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Remove AbuseFilter's DSL and use JavaScript instead
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Description

Problem
AbuseFilter has its own domain-specific language. This language must be learned by admins and maintained by developers.

Proposed Solution
If admins are more familiar with JavaScript, perhaps it would be better to allow them to write JavaScript. These scripts could be executed in a secure vm and function similar to a Service Worker:

addEventListener('filter', (event) => (
    event.action === 'edit' && event.old_wikitext.length > 0 && event.new_wikitext.length === 0 && !event.user_groups.includes('user')
));

or we could even make the script itself the handler and the event object as the global, which would make it like this:

action === 'edit' && old_wikitext.length > 0 && new_wikitext.length === 0 && !user_groups.includes('user')

Or ideally, both syntax options would be allowed with a config when creating the filter.

This would give admins the ability to write filters in standard JavaScript while also maintaining a secure environment for our infrastructure. Doing this should open up the number admins who can write filters, provide additional linting and testing tools, and also remove the amount of code that AbuseFilter has to maintain.

Event Timeline

dbarratt created this task.Jul 8 2019, 10:50 PM
Restricted Application added a subscriber: Aklapper. · View Herald TranscriptJul 8 2019, 10:50 PM
dbarratt updated the task description. (Show Details)Jul 8 2019, 10:52 PM
dbarratt updated the task description. (Show Details)
Nirmos updated the task description. (Show Details)Jul 8 2019, 11:10 PM
dbarratt updated the task description. (Show Details)Jul 8 2019, 11:37 PM
MusikAnimal added a subscriber: Daimona.EditedJul 8 2019, 11:47 PM

Hmm, could you provide examples of what a typical filter would look like? In my opinion the AbuseFilter language is fairly straightforward, especially if you already know another high-level language. Many of the AbuseFilter managers I know are not very adept programmers, but they were able to pick up AbuseFilter syntax. Even having to use curly braces is going to make the code overly verbose. Promises and the like sound like a nightmare; even many JavaScript programmers struggle with this concept. I as a new user with limited technical experience should be able to at least read what a filter is doing. user_editcount < 20 & page_namespace = 1 for example is succinct and easy to understand. I don't need to look at the AbuseFilter documentation.

write filters on a desktop IDE, and deploy them with a CLI. This could enable developers to use npm dependencies and compile their script into a single file for deployment.

By "developers" you mean AbuseFilter managers? I don't envision a scenario where a filter would/should have npm dependencies (even dev-only). Other AbuseFilter managers should be able to contribute to my filter without having to leave the wiki, much less have to set up a development environment or use the terminal.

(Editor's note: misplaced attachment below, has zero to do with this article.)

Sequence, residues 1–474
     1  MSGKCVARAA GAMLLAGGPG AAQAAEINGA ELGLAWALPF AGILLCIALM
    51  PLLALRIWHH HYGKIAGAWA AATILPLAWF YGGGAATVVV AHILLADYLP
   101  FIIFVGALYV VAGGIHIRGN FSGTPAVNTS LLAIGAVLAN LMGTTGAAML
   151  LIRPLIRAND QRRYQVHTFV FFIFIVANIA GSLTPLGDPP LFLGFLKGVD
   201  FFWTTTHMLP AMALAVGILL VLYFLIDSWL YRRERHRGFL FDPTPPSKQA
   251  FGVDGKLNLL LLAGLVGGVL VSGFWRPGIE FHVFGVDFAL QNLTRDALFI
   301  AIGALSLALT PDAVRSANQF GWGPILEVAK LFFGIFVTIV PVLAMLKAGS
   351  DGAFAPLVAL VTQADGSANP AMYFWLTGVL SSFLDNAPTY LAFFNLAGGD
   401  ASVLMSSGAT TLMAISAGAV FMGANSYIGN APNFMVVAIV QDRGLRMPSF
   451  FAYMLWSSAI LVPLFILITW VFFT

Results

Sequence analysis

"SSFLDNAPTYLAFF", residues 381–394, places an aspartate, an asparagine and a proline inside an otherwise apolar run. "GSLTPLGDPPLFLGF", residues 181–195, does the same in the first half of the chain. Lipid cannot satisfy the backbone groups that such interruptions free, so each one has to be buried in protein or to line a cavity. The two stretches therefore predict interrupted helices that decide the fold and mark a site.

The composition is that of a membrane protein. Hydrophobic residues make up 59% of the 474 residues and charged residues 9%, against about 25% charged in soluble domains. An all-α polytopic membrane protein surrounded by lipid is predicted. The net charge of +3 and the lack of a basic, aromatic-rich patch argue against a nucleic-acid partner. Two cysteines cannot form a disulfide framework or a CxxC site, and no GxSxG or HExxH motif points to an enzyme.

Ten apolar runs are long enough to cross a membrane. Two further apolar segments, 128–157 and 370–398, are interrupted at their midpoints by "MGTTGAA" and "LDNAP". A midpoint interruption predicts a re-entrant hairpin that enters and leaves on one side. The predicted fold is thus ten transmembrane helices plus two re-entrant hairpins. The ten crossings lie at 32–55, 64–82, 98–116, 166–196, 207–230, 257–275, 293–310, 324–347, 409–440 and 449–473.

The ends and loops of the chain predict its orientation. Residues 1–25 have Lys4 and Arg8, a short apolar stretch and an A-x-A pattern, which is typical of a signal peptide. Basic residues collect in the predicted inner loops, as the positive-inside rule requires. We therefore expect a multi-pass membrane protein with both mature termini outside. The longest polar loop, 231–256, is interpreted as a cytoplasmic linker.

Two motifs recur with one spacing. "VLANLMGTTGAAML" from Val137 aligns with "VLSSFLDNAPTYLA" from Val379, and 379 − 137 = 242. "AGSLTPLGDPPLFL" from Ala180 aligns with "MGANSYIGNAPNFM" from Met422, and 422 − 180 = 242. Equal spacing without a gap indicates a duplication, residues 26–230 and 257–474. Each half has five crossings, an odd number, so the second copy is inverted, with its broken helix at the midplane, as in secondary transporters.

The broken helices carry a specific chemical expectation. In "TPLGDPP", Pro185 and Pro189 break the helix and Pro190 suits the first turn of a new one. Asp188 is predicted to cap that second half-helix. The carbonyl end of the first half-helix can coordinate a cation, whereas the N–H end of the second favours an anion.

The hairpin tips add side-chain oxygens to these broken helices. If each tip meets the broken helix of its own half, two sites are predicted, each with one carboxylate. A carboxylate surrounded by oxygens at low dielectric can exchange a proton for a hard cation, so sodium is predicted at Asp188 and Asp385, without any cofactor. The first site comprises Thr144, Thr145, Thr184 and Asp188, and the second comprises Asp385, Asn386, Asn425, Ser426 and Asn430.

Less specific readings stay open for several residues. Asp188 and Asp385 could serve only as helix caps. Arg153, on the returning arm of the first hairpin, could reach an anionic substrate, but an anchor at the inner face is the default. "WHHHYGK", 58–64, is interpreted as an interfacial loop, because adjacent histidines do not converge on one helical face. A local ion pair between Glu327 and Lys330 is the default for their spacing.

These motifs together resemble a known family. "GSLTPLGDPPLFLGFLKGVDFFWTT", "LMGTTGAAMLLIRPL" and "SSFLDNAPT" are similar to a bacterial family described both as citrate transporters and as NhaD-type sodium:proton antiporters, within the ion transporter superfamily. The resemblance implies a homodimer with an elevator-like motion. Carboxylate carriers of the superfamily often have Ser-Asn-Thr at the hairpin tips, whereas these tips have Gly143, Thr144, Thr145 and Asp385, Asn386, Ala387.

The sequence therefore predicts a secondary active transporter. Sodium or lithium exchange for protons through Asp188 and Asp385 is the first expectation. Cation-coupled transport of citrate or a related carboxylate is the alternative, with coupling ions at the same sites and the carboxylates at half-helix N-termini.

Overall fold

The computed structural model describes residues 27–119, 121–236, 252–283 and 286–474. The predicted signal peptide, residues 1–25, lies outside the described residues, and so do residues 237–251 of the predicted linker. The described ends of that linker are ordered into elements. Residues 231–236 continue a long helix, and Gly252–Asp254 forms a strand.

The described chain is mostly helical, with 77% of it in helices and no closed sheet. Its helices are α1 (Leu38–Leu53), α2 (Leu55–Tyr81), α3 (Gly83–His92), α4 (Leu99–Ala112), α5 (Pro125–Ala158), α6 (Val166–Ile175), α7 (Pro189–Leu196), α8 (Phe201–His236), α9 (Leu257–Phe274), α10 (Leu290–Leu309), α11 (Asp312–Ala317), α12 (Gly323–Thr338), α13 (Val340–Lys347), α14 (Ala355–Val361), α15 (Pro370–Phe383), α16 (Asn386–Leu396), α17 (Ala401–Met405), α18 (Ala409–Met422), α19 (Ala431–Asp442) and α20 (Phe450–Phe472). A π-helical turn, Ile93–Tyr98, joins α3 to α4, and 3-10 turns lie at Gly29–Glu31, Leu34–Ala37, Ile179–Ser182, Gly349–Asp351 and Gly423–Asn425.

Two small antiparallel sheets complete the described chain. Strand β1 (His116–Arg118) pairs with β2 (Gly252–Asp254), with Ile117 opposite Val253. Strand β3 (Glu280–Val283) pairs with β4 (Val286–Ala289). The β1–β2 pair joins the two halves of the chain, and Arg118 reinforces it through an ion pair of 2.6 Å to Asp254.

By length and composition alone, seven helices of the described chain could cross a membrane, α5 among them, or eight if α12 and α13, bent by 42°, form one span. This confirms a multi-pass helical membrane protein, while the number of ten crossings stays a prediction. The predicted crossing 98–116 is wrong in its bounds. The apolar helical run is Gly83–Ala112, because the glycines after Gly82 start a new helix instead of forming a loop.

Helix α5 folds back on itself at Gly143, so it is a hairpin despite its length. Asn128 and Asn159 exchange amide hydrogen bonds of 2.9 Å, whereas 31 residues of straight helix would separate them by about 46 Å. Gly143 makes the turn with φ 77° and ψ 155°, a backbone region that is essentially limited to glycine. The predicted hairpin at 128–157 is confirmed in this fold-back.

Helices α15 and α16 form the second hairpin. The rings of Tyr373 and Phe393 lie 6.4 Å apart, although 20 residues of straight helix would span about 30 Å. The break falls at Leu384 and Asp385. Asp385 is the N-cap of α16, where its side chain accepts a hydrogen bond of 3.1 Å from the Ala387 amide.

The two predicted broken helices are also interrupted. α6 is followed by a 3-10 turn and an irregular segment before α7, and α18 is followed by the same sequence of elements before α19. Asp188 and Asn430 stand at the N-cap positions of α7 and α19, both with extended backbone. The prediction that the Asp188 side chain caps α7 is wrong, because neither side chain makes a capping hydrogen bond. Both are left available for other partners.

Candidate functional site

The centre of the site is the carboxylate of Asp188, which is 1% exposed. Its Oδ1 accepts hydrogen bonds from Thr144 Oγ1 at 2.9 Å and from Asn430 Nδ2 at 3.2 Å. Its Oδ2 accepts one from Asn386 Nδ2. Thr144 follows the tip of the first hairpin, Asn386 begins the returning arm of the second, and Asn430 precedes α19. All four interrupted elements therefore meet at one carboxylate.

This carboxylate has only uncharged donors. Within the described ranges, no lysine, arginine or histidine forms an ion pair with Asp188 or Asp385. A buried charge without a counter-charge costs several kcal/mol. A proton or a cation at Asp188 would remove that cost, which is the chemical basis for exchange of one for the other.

Overall I think JavaScript, unless you limit the available syntax, would be much too complex and pose a bigger barrier for newcomers. It would be cool to be able to refactor logic in my filter using functions, etc., but filters are typically very simple and wouldn't really benefit from this. Moreover, changing the language would be a massive undertaking that I question would be really feasible on a social level. I suspect the changes to the backend would also be massive, perhaps requiring a complete rewrite. @Daimona is probably the best person to consult in that regard.

dbarratt updated the task description. (Show Details)Jul 8 2019, 11:50 PM
dbarratt added a comment.EditedJul 8 2019, 11:57 PM

Hmm, could you provide examples of what a typical filter would look like?

A simple example could be event handlers that return a boolean (like they do today):

addEventListener('filter', (event) => (
    event.action === 'edit' && event.old_wikitext.length > 0 && event.new_wikitext.length === 0 && !event.user_groups.includes('user')
));

You wouldn't have promises or anything because you wouldn't have access to the network or the database.

If we wanted to make it even simpler we could provide an option to already have the event handler and have the event object as the global, so then it would simply be:

action === 'edit' && old_wikitext.length > 0 && new_wikitext.length === 0 && !user_groups.includes('user')
dbarratt updated the task description. (Show Details)Jul 9 2019, 12:00 AM
MusikAnimal added a comment.EditedJul 9 2019, 12:14 AM

A simple example could be event handlers that return a boolean (like they do today)

When would we want a filter to return anything other than a boolean?

You wouldn't have promises or anything because you wouldn't have access to the network.

But you could still create promises that contain logic, just to get them to run asynchronously. I don't know why you would want to do this, but if I encountered such a filter as a newcomer would be baffled on how to make safe changes to it.